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Psilocybin research fund, pharmacy benefits manager language added to nursing bill

Lauren Chapman

Legislation headed to the governor would simplify requirements for nursing instructors and increase transparency around pharmacy benefits managers. The bill would also establish a research fund for psilocybin — a chemical compound found in some psychedelic mushrooms.

HB 1259 would eliminate the 18-month clinical experience requirement for instructors, meaning they would only need a nursing license in order to train students.

The bill would also give employers more information about pharmacy benefits. It would allow contract holders to audit third-party administrators in charge of pharmacy benefits once a year.

Rep. Brad Barrett (R-Richmond) said stakeholders reached a compromise on the language to address a lack of transparency and high health care costs.

“This language gives me faith in the system,” Barrett said. “We occasionally pass language that needs additional work, and this shows me that it can be accomplished.”

The bill outlines what can be requested in the audit and the responsibilities of the pharmacy benefit manager to fulfill an audit. The PBM would not be allowed to charge a fee for an audit requested under the bill.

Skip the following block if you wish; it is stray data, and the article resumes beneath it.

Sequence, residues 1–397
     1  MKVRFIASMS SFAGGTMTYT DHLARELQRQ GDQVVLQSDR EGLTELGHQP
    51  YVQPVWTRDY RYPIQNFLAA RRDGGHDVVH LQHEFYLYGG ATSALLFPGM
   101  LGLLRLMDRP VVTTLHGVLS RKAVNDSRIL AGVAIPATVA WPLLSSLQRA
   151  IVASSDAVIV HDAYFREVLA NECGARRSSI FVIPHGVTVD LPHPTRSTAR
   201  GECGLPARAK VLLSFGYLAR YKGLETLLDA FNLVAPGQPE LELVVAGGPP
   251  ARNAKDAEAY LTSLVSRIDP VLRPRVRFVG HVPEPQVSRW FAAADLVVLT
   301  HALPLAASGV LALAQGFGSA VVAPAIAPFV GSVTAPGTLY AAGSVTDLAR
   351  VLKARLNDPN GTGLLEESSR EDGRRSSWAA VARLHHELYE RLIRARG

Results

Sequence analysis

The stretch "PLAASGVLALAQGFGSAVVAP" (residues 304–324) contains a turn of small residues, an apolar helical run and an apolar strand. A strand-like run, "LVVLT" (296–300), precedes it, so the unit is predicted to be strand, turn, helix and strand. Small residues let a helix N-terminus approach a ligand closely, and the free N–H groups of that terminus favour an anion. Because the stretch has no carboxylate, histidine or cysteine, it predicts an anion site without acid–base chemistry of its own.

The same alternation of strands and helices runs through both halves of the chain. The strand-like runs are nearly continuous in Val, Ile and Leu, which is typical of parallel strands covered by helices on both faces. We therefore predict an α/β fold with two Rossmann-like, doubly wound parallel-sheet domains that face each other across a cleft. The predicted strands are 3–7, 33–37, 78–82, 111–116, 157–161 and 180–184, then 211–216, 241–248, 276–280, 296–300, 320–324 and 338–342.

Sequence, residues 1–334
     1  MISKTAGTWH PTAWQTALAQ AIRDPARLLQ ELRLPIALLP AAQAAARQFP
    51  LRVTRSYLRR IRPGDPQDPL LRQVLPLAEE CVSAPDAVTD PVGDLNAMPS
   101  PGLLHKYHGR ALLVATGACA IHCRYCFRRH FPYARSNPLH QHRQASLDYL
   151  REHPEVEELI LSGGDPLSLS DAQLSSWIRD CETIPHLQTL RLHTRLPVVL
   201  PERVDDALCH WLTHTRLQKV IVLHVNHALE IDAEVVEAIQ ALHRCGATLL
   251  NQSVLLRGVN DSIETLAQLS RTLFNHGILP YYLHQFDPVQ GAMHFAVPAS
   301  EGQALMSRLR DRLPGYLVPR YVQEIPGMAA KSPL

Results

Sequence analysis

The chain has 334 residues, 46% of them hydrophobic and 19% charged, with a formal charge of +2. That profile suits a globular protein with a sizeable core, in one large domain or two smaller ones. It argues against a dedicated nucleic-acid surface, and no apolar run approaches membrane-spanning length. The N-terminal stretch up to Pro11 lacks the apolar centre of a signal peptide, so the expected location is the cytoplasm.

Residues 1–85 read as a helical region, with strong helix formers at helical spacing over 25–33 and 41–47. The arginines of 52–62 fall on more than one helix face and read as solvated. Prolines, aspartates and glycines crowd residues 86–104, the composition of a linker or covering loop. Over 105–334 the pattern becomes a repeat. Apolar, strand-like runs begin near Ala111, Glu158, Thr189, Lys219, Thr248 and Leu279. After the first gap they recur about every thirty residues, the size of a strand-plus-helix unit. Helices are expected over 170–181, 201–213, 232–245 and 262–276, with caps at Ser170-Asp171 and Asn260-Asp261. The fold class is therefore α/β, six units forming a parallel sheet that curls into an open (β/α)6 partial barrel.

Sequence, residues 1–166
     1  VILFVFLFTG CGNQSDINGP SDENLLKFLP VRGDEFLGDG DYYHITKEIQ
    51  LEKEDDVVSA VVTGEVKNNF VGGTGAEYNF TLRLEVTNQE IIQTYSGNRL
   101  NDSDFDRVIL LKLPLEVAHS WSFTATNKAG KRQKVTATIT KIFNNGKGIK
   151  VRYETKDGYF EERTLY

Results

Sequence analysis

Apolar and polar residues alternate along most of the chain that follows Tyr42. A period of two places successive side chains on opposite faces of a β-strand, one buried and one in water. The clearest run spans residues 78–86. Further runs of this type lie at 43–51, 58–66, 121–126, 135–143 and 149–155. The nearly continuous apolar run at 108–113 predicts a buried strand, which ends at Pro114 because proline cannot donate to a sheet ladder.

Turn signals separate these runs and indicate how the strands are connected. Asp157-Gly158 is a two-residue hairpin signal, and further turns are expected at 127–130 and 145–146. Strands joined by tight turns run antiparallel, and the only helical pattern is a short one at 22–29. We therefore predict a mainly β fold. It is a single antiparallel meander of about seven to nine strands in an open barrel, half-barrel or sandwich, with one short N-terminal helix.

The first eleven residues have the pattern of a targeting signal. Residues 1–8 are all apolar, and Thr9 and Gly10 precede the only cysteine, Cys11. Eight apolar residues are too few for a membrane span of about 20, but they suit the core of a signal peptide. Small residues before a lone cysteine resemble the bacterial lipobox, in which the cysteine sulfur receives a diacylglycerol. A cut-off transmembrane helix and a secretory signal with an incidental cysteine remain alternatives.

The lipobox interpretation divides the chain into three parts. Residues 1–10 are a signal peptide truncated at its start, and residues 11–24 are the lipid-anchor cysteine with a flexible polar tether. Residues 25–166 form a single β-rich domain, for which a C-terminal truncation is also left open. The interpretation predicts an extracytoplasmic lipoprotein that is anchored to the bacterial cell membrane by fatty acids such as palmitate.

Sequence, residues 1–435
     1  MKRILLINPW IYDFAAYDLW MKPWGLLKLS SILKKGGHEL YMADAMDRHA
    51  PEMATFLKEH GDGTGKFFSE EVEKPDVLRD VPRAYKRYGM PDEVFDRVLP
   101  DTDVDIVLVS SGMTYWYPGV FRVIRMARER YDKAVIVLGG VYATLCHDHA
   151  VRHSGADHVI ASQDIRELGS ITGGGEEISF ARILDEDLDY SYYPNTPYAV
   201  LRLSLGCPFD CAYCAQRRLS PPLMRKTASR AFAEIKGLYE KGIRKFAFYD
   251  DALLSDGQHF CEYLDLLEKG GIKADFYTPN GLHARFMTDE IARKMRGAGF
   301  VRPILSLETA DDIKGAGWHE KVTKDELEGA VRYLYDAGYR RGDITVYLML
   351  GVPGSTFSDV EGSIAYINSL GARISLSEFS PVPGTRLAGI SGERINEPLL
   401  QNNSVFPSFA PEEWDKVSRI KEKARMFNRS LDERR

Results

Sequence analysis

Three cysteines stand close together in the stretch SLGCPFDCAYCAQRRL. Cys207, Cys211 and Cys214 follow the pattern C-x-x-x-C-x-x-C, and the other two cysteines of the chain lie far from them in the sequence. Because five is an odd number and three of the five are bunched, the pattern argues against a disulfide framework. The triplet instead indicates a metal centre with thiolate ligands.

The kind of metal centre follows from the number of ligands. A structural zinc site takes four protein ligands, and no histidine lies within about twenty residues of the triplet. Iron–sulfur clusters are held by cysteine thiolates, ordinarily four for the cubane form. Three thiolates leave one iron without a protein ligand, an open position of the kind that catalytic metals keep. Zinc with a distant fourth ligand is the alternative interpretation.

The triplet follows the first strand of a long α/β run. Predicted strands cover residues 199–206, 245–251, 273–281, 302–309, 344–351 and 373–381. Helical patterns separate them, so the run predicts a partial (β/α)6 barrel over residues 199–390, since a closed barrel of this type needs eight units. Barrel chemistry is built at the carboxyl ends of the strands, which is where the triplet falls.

The PBM language was originally in another bill focused on health care transparency.

READ MORE: Indiana lawmakers want to streamline licensing requirements during nursing shortage

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The legislation also brought back language that establishes a fund to give research institutions financial support to study how psilocybin can treat mental health issues and other medical conditions. The bill does not legalize the use outside of clinical studies.

Barrett said the legislation allows the state to “capture and oversee” funding.

“They found that this medication is a breakthrough medication,” Barrett said. “And Indiana can lead the nation in research. This fund just simply establishes a mechanism.”

Among other things, psilocybin is being studied as a “breakthrough therapy” for post-traumatic stress disorder, treatment-resistant depression and substance use disorders.

Abigail is our health reporter. Contact them at

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Abigail Ruhman